Sausage Party, the very adult animated comedy, had no reason to try to engage in either commentary or satire. Yet it does; the film’s anthropomorphic sausages and buns debate the nature of belief and the role of proof in religion, while the film as a whole serves as a commentary on the trend of imbuing inanimate objects with sentience for children’s entertainment. Are we relying on a narrative crutch by pretending our toys and cars can talk? In a world of violence, is there room for adorable, conflict-free tales with dancing cartoons?
The 400-Word Review: Sausage Party
By Sean Collier
August 15, 2016
I mean, mostly this movie is about really bad sex puns, but that stuff is in there as well.
In a gigantic, suburban supermarket, pre-packaged and raw foodstuffs vie for territory on their shelves as they hope to be selected by the gods (shoppers) to be taken to the great beyond. They’ve been led to believe that purchased food is embraced by humans, left to live out eternity in peace and freedom. As Independence Day weekend approaches, hot dog Frank (Seth Rogen) and bun Brenda (Kristen Wiig) hope to be chosen together, so they can finally unite outside of their packaging.
A shopping cart collision (rendered in the style of a harrowing, terroristic attack) leaves Frank, Brenda and a crew of others lost in the supermarket. Meanwhile, their compatriots head home and learn the awful truth about the fate of food.
Any appreciation of Sausage Party requires an understanding: This film is not really meant as a straight comedy, but rather as an effort in excess and ridiculousness. The aim in many scenes is not to craft clever setups for laughs but rather to see just how far the envelope can be pushed; the audience is meant to question just what the filmmakers will make their creations do. (And the filmmakers are happy to shock as much as possible.)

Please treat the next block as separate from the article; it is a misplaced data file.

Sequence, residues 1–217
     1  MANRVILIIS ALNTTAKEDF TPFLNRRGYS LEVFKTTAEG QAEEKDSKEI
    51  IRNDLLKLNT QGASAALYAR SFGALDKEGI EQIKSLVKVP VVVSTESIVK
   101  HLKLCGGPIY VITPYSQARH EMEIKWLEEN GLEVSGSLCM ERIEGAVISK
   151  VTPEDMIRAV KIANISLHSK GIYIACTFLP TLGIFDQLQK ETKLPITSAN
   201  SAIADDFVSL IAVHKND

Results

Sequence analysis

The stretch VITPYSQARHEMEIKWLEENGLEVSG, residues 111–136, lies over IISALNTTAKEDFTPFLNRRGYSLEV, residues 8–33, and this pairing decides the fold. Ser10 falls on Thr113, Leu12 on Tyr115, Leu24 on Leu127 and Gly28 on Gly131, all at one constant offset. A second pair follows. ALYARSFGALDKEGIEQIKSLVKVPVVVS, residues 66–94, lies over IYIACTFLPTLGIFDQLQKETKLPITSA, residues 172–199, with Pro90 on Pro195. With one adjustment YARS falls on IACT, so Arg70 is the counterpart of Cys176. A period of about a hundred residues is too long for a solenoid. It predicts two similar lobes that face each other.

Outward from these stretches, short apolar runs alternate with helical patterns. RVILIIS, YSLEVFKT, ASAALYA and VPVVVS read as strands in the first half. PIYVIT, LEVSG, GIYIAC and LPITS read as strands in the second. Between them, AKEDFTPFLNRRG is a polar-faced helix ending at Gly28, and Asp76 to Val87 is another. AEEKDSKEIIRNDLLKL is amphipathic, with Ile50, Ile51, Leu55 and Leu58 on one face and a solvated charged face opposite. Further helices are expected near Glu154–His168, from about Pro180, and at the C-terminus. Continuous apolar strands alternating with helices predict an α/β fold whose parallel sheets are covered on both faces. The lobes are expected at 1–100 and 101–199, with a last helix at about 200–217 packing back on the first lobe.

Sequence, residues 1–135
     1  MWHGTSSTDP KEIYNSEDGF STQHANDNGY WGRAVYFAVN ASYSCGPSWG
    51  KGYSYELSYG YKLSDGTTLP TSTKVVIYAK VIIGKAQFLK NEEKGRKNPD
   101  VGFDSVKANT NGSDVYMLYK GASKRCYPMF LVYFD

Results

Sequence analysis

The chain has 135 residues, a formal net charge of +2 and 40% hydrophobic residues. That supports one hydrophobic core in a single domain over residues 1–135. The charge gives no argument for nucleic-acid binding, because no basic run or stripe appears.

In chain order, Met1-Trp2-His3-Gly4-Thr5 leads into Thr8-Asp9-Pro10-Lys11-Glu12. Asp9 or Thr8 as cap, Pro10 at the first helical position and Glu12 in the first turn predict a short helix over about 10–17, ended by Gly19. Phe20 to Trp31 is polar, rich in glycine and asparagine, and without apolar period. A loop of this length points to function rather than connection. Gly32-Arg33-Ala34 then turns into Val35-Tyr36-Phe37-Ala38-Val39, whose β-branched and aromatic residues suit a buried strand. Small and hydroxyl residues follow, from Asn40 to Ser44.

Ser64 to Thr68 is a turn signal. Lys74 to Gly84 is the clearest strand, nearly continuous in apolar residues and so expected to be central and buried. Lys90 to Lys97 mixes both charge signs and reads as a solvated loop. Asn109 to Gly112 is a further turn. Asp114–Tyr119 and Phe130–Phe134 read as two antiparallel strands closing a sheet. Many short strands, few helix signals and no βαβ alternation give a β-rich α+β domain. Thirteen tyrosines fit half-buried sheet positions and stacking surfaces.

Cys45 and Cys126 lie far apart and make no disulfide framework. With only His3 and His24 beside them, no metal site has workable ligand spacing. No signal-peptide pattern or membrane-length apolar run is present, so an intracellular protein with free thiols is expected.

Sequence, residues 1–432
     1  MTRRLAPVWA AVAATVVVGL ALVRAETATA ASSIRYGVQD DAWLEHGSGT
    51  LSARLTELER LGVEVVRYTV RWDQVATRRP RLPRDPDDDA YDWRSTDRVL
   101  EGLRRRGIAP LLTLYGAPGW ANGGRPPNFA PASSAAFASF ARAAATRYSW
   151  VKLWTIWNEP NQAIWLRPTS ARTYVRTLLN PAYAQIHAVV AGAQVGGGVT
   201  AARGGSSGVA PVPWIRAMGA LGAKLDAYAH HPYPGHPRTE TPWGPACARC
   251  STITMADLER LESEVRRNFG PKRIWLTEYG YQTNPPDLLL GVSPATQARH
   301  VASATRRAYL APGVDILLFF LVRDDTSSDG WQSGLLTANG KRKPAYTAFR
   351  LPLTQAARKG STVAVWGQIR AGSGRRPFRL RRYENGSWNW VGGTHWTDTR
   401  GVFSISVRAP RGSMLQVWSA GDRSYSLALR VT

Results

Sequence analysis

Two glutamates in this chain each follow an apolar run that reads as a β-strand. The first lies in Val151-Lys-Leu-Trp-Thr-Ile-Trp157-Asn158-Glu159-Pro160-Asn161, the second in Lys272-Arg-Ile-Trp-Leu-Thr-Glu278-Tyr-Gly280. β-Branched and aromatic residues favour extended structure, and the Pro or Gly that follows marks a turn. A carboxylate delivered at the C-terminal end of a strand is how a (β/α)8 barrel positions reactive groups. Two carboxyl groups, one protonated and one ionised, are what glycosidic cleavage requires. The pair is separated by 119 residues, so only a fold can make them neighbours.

It’s an odd way to spend time at the theater, and it cannot be called an unqualified success. Still, plenty of scenes are genuinely funny, owing in large part to an all-star voice cast, also including Michael Cera, Jonah Hill, Salma Hayek, Bill Hader, Edward Norton, James Franco, Sugar Lyn Beard and more. And while the squeamish or easily offended — scratch that, anyone who is ever offended for any reason — should avoid Sausage Party, the curious will at the very least get an entirely unique cinematic experience.
My Rating: 6/10
Sean Collier is the Associate Editor of Pittsburgh Magazine and a member of the Broadcast Film Critics Association. Read more from Sean at pittsburghmagazine.com/afterdark